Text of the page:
Well there wasn’t much construction to the drone itself as you can imagine, so I have put down my first coat of paint on her. For the paint on this I am going to be using AK Xtreme metals and the first one down is the White Aluminum. I will be picking panels out individually in alternative shades to try and get a convincing natural metal finish on this. We will see how it actually ends up looking though!
Well with the addition of the nose and engine nacelles the main phase of construction is pretty much complete. I will fit the Intake cones once I have managed to sand the inside of the cowlings as there was a liberal application of Mr. Dissolved Putty on their internal seams.
The join between the nose and the fuselage isn’t the best and it will be interesting trying to blend the join without damaging the raised detail. I might actually leave the vertical stabilisers off until after paint and decals are applied purely to ease access.
I have to say, considering the kits issues I am having a lot of fun with this one, they are coming to me as interesting problems to be solved rather than headaches. It’s a pleasant change to have so much mojo!
Whilst the fuselage is all clamped up I thought I would tackle the Lockheed D-21 drone included in the kit.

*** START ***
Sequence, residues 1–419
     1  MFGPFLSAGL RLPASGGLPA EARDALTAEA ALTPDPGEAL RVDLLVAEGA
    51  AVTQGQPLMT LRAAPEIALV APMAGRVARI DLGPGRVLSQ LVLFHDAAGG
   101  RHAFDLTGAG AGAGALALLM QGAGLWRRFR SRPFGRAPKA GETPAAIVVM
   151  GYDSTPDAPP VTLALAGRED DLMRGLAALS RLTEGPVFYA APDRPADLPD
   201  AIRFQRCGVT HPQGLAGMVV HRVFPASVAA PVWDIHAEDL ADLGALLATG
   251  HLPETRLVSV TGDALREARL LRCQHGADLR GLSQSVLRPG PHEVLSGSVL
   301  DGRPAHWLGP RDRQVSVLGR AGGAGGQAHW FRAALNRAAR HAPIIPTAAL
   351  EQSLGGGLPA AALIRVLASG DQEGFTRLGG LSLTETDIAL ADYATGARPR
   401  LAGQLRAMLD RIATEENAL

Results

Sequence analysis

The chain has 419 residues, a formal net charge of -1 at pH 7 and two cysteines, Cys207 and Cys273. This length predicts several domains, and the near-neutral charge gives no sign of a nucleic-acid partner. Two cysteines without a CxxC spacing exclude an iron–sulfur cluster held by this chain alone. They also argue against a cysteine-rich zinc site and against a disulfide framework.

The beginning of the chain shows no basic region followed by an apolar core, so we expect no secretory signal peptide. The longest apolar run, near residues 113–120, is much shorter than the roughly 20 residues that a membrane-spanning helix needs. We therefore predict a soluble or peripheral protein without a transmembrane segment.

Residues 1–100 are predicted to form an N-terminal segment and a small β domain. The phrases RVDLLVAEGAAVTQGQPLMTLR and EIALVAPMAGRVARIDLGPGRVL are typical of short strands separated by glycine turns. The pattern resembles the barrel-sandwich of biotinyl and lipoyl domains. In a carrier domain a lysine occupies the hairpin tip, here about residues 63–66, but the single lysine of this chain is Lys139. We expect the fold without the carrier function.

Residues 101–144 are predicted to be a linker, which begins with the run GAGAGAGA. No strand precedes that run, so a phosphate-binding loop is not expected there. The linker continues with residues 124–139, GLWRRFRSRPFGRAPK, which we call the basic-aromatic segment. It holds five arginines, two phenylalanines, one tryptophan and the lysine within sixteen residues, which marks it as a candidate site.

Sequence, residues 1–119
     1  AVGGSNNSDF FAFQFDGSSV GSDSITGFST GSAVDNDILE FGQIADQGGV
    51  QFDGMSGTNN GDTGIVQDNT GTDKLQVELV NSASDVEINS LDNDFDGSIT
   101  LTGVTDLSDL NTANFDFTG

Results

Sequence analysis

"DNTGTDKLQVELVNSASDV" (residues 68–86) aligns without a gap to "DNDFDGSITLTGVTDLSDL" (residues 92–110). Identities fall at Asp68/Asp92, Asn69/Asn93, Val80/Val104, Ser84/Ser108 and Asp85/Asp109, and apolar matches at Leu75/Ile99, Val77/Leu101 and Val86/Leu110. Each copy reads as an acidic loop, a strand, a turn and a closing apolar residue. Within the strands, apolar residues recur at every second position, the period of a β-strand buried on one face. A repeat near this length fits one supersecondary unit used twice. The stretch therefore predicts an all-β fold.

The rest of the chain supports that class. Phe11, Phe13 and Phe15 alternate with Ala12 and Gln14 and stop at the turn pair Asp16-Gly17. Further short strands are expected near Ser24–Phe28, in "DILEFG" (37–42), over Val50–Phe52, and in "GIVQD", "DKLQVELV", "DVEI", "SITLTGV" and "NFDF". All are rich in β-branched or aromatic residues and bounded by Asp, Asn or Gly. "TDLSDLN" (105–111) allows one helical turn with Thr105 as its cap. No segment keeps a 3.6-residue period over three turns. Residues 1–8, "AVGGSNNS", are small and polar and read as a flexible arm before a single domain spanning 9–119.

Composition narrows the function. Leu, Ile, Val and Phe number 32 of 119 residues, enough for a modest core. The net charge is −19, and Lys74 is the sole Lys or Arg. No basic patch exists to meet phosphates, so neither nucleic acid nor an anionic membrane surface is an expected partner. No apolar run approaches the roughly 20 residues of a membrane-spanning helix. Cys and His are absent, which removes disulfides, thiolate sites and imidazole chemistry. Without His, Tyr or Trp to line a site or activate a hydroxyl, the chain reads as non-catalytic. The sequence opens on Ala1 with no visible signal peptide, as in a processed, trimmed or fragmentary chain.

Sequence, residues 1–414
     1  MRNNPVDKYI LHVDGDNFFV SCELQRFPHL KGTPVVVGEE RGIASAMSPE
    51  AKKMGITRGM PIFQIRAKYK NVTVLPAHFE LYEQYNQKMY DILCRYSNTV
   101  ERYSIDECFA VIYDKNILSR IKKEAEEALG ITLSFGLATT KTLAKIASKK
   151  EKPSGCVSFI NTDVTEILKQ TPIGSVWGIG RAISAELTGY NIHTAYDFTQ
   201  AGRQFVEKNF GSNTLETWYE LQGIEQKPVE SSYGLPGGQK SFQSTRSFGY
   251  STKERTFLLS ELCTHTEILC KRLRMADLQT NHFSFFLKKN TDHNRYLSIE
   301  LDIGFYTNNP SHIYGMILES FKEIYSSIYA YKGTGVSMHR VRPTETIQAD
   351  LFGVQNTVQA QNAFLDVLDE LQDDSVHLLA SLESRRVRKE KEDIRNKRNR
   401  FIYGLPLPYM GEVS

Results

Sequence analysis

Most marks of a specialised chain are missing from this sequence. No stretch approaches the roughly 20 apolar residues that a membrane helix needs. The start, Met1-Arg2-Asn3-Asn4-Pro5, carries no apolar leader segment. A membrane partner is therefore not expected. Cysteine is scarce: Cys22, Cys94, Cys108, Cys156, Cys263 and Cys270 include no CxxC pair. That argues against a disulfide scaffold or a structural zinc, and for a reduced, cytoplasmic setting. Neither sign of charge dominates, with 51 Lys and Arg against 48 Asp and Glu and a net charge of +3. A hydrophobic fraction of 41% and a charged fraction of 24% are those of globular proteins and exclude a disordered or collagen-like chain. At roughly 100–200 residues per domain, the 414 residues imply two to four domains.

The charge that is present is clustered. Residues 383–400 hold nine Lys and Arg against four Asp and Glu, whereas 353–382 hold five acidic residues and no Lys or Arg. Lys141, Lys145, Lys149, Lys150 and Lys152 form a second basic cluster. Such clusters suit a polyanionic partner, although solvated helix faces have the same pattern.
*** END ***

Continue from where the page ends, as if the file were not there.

For those that don’t know the D-21 was an unmanned drone that was originally designed to be launched from the back of the M-21, a variant of the original Lockheed A-12 photo reconnaissance aircraft from which the SR-71 was derived. The D-21 was developed as a response to policies bought in by Eisenhower after the downing of Gary Powers. The original D-21/M-21 combination was designed so as the drone would be launched at Mach 3, complete a pre-programmed overflight of Russia or China then eject its recon package for retrieval before the drone was to self destruct, however this combination was short lived after an accident during launch of a drone lead to the loss of a crew member.
After this the drone program was modified to the D-21B which was to be launched from under the wing of a B-52. It is this D-21B that is actually included in the kit and whilst its inclusion with an SR-71 is slightly erroneous this they are know to be displayed together in museums and the two aircraft are linked.
The model looks fairly simple and is victim to some more of old Revell’s superb sprue gates as the photos show. Still it will make an interesting addition to the shelf and will look nice along side the completed SR-71, there is also the inclusion of the drones trolley to display it upon which is a nice touch.